Cawood History Timeline

1st-2nd
century

Romans lived on the river Wharfe at the junction with the river Ouse. Pottery found in the Caravan Park in 1930

937

King Athelstan gave Cawood to the See of York as thanks for his victory over the Vikings

963

King Edgar granted an estate at Sherburn to Archbishop Aeslac which included Cawood

1066

Viking boats moored on the River Ouse as far as the river Wharfe. Vikings slaughtered at Riccall on return to boats

1181

Roger de Pont L’Eveque first resident of Cawood Castle

1201

John de Cawoode held land in Cawood at Keesbury Manor

1235

Reference to the Bishopdyke at Rest Park, Biggin

1235

Earliest reference to the medieval garden on the Garth

1255

Henry III visited the Castle

1271

Archbishop Walter Gifford crenellated the Castle

1299 

Edward 1 moved his entire court to Cawood for 7 years in order to pursue the Scots

1302

David de Cawood petitioned the King for return of land to his manor in Cawood from the Archbishop of York

1314

Edward III stayed here with his wife Isabella after his defeat by Robert the Bruce at Bannockburn

1374

Cawood Castle transformed into a quadrangular castle

1385

York Minster took out an 80-year lease for stone from Huddleston Quarry, Sherburn. This was transported through Cawood to York along the Bishopdyke waterway

1426

John Kemp became Archbishop of York. During this time he built the Castle Gatehouse and Banqueting Hall

1466

A Great Feast to celebrate the inauguration of Archbishop George Neville brother of the Earl of Warwick who is said to have employed 2000 cooks

1514

Cardinal Thomas Wolsey became Archbishop of York

1530

Cardinal Wolsey visits Cawood and refurbishes the Castle. In November he is summoned to London by the King and dies on the way in Leicester

1541

Henry VIII visits with wife Catherine Howard, and her lover Thomas Culpepper, who a few months later were executed for adultery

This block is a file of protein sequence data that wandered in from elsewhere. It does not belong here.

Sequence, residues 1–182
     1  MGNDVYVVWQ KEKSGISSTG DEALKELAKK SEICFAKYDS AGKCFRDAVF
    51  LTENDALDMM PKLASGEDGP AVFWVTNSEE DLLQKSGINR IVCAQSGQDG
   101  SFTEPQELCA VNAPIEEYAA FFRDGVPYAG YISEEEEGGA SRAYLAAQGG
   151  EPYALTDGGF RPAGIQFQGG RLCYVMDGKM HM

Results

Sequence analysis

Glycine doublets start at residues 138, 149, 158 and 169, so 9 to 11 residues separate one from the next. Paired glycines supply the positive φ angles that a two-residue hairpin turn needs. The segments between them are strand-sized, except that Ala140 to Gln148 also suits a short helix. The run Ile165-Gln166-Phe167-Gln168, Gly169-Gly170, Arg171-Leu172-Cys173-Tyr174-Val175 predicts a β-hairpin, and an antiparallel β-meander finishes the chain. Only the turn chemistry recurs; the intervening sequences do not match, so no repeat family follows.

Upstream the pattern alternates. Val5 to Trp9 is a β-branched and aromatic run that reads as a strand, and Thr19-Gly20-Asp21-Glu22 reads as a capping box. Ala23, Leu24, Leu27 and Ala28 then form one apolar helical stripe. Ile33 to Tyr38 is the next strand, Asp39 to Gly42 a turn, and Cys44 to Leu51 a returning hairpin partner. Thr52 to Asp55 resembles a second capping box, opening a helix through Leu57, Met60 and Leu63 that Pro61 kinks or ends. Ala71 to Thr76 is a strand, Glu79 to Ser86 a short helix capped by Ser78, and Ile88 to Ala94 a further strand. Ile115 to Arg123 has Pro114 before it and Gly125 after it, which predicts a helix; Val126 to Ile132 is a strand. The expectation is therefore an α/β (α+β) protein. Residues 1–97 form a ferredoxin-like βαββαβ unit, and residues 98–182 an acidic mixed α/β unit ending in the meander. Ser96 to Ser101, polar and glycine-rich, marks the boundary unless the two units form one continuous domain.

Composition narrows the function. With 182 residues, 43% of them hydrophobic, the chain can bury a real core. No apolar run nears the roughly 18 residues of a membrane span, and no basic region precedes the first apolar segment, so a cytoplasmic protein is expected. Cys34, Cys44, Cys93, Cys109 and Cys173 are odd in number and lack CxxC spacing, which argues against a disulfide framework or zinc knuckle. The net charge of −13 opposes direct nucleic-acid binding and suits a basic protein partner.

1628

Archbishop George Mountain, born in Cawood, became Archbishop of York died soon after and is buried in Cawood Church

1642

Roundheads and Royalist soldiers
both held Castle in the Civil war

1646

Destruction of the castle with 6 other northern castles

1750

Payment made to pull down part of Cawood castle

1765

Cawood castle stone used at Bishopthorpe Palace

1852

Flour mill built in the village later became chocolate factory

1872

Bridge over the river Ouse constructed

1898

Selby to Cawood railway opened in the village

1906

Cawood school opened

1937

Planting chestnut trees Gill Green

1970

Gatehouse and Banqueting Hall were sold.

1981

Chocolate factory burns down

1982

Flood wall built

1984

Landmark Trust restored the Gatehouse and Banqueting Hall

1986

Castle Garth saved from development by the Great Crested Newt and bought by the village for community
use.

1987

Gill Green in the ownership of Cawood Parish Council

2000

Highest river levels ever recorded in the village luckily was held back by flood wall.

2003

Cawood Castle Garth Group formed to investigate the history of the Garth

2007

Cawood Sword given to the Yorkshire Museum. The Viking sword dated 1100 AD was found in the river Ouse
opposite the castle.

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